Toward the end of my formal studies in 2016, I felt a big panic rising in me. I had been studying whole my life – twenty three years of being with a teacher/professor/mentor who basically told me what to do. Who will guide me from now on?! I was genuinly scared.

But it changed for better – after a while I became acclimatized to the newly gained freedom. It cost me several years of wondering around though, which I probably could count into those seven years of forgetting. It all did bring me to where I am now, after all, and it is good that way.

How do you feel your sense of identity influences your creativity?

What I think and what I see around influences my creativity very much, even if only indirectly. Priorities also develop and change through time. Those changes are visible only in perspective. Who I am working with, which preferences I have when choosing composers to perform, and which topics I am confronting in my music are basically the ways of my identity showing through my art. I believe that art is always idealistic and reflects the world view of an artist.

What were your main creative challenges in the beginning and how have they changed over time?

I guess my biggest creative challenge throughout most of my conscious time has been trusting my own impulses and taking myself serious. So, earlier I would rely 100% on voices surrounding me, and they haven´t been only supportive.

Only recently I discovered that questioning authorities is indeed sometimes a good option.  And with time I learned that the most important voice to listen to (and to trust to) is my own.

As creative goals and technical abilities change, so does the need for different tools of expression, be it instruments, software tools or recording equipment. Can you describe this path for you, starting from your first instrument? What motivated some of the choices you made over the years?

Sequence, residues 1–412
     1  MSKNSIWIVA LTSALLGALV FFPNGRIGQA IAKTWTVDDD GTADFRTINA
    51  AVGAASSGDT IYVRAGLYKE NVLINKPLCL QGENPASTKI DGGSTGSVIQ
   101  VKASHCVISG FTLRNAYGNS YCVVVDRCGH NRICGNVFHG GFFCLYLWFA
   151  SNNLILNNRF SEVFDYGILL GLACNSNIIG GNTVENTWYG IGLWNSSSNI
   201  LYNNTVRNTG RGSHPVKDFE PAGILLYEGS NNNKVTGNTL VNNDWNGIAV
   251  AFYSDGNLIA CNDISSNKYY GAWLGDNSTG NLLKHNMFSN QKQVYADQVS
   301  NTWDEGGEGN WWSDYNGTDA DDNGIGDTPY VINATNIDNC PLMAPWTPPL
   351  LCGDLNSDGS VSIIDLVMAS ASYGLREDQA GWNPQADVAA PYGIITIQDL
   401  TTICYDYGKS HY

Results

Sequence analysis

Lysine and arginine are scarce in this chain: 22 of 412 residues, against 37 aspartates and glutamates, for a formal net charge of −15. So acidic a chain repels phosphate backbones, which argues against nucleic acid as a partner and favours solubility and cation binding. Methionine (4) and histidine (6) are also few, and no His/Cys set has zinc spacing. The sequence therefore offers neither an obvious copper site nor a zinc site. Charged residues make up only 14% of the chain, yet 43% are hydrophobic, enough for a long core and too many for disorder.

I have stuck pretty much with a very basic recording equipment. During the earlier times of the pandemic and livestreams (that became my daily job) I decided to stay with very rudimentary stuff (a.k.a. smartphone) to avoid tons of extra post-production work and keep being flexible and spontaneous. Later, I started using some more decent sound interface in order to work on my impros and to record more elaborate videos.

Also my only true love in terms of instruments is a grand piano. Except … well, there is a toy piano. First, there has been only one piece which I was dying to play (George Crumb´s “Metamorphoses I”) and which uses a toy piano. It became a rarity here in Europe, by the way. I spent a couple of months ordering here and there, sending three pianos back to get the right size and right sonority. Then, I started looking into the repertoire. Asking friends-composers. Some already had pieces written for toy piano. Some volunteered to compose something new for me. And then I ended up with an hour-long programm for toy piano. It is a new (and a wonderful) feeling to play an instrument which is so mobile.

In the Fall of 2020, I recorded a tiny album on toy piano in collaboration with another Azerbaijani pianist, Humay Gasimzade. The trick was, she lives in the USA and I live in Germany, so we had to communicate digitally. It is astonishing that it all worked out, and we both are pretty proud about the result.

Derek Bailey defined improvising as the search for material which is endlessly transformable. Regardless of whether or not you agree with his perspective, what kind of materials have turned to be particularly transformable and stimulating for you? Have there been technologies or instruments which have profoundly changed or even questioned the way you make music?